Note: be sure to read this shoulder mobility blog on why not all thoracic spine mobility drills are created equal for throwers! 5. Quick Arm – When I say that you have to have a quick arm to have a long stride, I really just mean that you need some upper body power to make things work.  The longer the stride, the quicker your arm must be to catch up in time to create a downward plane and throw strikes. You simply don’t see guys with long strides competing at high levels unless they have a quick arm that can catch up to the lower body.

When a guy’s arm isn’t quick enough to catch up to his lower half, you see him miss up and arm side.

This type of thrower would be better off shortening up his stride (at least temporarily) and spending more time on good throwing programs to increase arm speed. This is one reason Justin Verlander is great.  If you watch him, he’s not an insanely long stride.  Rather, he’s shorter with it, and much stiffer on his landing leg to create an awesome downward plane.  Plus, he actually does have a ridiculously quick arm and outstanding secondary stuff.  A lot of pitching coaches would try to lengthen his stride – and while this might work, I don’t know about you, but I think overhauling a Cy Young winner’s mechanics is silly.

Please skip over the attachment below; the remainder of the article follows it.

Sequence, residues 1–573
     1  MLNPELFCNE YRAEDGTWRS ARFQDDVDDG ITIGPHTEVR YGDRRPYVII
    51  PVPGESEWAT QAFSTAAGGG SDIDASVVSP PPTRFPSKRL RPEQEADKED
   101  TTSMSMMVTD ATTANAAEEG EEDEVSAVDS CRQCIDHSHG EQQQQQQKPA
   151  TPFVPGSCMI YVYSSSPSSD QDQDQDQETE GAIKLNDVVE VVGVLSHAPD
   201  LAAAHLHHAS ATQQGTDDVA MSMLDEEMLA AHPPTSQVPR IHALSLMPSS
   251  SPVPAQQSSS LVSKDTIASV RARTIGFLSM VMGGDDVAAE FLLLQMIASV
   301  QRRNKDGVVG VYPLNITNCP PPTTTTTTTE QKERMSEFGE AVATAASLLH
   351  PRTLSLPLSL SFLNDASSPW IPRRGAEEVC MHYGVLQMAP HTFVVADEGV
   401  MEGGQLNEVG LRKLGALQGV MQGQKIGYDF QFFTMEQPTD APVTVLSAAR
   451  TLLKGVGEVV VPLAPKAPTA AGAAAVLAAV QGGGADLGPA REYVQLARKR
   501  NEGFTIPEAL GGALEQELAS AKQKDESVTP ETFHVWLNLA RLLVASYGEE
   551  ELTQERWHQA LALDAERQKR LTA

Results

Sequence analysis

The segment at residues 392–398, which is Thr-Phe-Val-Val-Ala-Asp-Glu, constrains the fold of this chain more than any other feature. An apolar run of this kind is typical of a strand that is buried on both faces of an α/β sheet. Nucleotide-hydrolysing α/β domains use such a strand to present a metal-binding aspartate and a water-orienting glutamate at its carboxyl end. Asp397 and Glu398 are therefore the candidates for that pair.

The “long stride, slow arm” issue is (in my experience) most common in young, lax players who have the joint range-of-motion and just enough stability to get a long stride, but don’t have adequate arm speed to catch up.  This is really common in the 14-17 age ranges, and I think it’s one reason why so many of these kids respond incredibly favorably to long toss; it teaches their arms to go faster and keep up with their strides. Conversely, as you start to deal with 18-year-olds and older (or kids who have grown quickly), you start to see that preparing everything below the arm is arguably more important than arm speed.  You don’t pitch in college or professional baseball unless you have a reasonably quick arm, and getting more aggressive with the lower half to stride longer is often exactly what guys need to make the big velocity jump.  Likewise, when guys don’t take care of the lower half, but continue on aggressive throwing programs, they often wind up with velocity drops, injuries, or control issues because they’ve lost the separation that made them successful. Closing Thoughts While a long stride can certainly be advantageous in the throwing motion, as I've shown in this series, forcing it when you don't have the right physical preparation or mechanical coaching in place can actually hurt an pitcher's performance and health.  Remember that the best changes are subtle ones; in other words, you might increase a stride by six inches over the course of a year, not in a single session. Sign-up Today for our FREE Newsletter and receive a four-part video series on how to deadlift!